The decisions to drop Illinois from the Powerball and Mega Millions rosters were reportedly reached this week earlier this week due to concerns about Illinois’ fiscal condition. Powerball is set to be suspended in the state after the draw on Wednesday 28th June, with Mega Millions also brought to a halt after the draw a couple of days later if a budget deal cannot be agreed.
Illinois Lottery Director Greg Smith said in a written statement: “It is disappointing that the Legislature's inability to pass a budget has led to this development and will result in Illinois Lottery players being denied the opportunity to play these popular games. This is why it's so critical the General Assembly deliver a balanced budget to the governor's desk that he can sign."
The Multi-State Lottery Association (MUSL), which runs Powerball and Mega Millions, would not confirm that a decision had been made to end sales of the game. A spokeswoman told the Chicago Tribune: “The Multi-State Lottery Association is focused on protecting the integrity of its games and the experience of its players. We work closely with the Illinois Lottery, and all lotteries selling Powerball, to achieve those objectives. ... Matters involving the Illinois Lottery should be directed to Illinois officials.”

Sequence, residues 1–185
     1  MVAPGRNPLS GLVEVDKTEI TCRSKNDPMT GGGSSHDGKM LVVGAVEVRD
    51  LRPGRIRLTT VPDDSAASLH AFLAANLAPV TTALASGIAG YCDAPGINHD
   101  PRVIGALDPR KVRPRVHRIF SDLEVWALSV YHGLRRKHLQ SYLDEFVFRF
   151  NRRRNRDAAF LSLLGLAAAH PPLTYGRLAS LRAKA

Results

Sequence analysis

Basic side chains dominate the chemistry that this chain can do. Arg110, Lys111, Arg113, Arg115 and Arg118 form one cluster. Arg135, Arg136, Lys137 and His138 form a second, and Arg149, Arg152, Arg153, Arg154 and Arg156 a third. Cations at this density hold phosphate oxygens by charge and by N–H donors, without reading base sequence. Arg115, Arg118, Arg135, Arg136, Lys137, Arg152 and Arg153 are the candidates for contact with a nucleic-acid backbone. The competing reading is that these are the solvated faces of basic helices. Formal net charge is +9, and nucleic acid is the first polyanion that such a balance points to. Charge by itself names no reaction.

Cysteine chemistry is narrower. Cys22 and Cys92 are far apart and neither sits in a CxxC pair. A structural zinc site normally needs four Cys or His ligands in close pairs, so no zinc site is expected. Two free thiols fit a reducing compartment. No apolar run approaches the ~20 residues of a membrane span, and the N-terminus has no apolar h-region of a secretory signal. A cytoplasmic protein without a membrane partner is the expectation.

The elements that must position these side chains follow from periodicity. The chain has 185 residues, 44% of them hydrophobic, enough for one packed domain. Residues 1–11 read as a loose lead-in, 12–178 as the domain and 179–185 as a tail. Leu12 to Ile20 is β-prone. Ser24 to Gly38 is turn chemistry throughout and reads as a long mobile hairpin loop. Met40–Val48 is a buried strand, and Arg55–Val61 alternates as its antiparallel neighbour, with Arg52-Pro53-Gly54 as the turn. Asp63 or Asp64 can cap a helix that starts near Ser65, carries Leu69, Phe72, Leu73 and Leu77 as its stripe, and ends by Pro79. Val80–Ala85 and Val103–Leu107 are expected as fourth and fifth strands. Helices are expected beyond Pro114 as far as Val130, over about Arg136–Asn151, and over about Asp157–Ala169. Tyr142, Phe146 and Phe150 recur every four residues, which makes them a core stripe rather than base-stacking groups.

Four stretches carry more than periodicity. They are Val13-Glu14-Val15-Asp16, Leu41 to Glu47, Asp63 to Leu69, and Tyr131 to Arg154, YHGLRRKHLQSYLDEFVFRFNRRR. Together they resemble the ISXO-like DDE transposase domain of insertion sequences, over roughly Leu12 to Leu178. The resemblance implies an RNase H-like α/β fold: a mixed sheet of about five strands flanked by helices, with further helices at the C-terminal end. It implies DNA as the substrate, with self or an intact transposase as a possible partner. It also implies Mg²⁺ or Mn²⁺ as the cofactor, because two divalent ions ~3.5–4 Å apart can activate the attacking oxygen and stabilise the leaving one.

Illinois is not authorised to make payments to the MUSL without a budget in place, and in 2015 it was found that state officials violated financial laws when they prepaid $20 million to the MUSL to cover the costs of future multi-state games as a budget stalemate loomed. The financial future of the state remains uncertain, although there are hopes that final action could be taken on a bill during a special session before the end of the month to help Illinois keep Powerball and Mega Millions.
Powerball is played in 44 states, plus Washington D.C., the U.S. Virgin Islands and Puerto Rico, while Mega Millions is offered in 44 states, the District of Columbia and the U.S. Virgin Islands. Both games offer huge jackpots which attract attention from around the world, and Illinois will hope that any suspension is not long-term.